Underneath Kronborg castle there’s a statue of a knight. Known for his incredible heroics, Holger Danske was set in plaster and later concrete and is a reminder of the strength Denmark once had. Legend has it that when the country is in need, Holger Danske will rise from his seat and lead his armies into battle one last time.
Denmark seems to be full of places like this, ordinary landscapes undermined with history. The school we’re going to has a museum older than American independence and rumoured underground tunnels connecting all the buildings. There’s a tank in a field near my host family’s house that’s been left abandoned since WWII, but still keeps watch with a rusty barrel over acres of farmland.
The country has a sense of worn comfort to it, but of self-importance, too. It’s almost as if, as a collective, Danish people know exactly where they are and what they need to do. Maybe it’s the growing trend of hygge, or comfiness, or maybe it’s just the settling in process, but people seem calmer here than they are back home. More aware of things around them. Maybe too, of course, this is all just me projecting what I want onto the experience.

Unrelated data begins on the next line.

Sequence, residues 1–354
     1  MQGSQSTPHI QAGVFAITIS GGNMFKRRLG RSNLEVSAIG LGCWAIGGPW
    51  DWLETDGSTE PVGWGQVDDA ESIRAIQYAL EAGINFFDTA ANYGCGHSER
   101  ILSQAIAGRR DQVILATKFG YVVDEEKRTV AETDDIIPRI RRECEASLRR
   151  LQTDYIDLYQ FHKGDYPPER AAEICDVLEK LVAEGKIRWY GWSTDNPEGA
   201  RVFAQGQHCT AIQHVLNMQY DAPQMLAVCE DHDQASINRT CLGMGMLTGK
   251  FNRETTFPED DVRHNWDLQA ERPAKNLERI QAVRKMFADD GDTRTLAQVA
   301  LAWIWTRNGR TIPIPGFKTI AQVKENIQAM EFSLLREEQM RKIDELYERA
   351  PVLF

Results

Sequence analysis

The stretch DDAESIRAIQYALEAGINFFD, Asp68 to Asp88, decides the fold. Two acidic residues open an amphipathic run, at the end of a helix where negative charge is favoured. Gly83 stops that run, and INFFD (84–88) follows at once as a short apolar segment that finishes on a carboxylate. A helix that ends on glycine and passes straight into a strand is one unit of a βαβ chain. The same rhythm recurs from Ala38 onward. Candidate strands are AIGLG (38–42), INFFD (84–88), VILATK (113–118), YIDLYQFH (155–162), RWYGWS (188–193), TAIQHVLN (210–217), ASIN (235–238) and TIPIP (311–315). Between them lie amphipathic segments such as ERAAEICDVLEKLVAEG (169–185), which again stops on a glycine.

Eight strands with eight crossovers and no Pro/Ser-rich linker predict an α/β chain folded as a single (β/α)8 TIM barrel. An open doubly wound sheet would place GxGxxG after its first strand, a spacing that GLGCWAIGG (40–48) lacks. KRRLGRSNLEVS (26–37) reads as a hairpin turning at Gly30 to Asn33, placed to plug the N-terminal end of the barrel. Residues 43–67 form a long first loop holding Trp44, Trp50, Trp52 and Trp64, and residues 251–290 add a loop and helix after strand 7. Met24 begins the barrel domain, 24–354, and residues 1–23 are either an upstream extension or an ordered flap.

Herlufsholm feels like it’s losing a game of hide and seek with the students. Buildings are nestled in a forest, huge brick things with too many stairs and empty classrooms. Classes change location every day, and the schedule makes less sense than our own. After school activities are at random times on different days of the week, and classes get cancelled at the last minute. But despite all this, or maybe because of it, the school feels more whole, more like something new every day. It’s confusing, and I seem to get lost a lot, but that isn’t a problem. It’s more like every wrong turn is a new day, and every day has more to find. Thinking of it that way makes it feel less like a countdown, a countdown to the end of the school day, to the end of the week, how long I’ve been away, how long until I have to go back. It’s all there in one place, a jumble of locked rooms and tardy slips holding up an exchange.
Barren was the first word I thought of when I got to Copenhagen, with its icy streets and grey weather color scheme. But the longer I stay here, the more pockets open up, and like Holger Danske show a Denmark that is warm, and new, and a little bit scary but comfortable. Two weeks in, and time zones have never been less of a concern.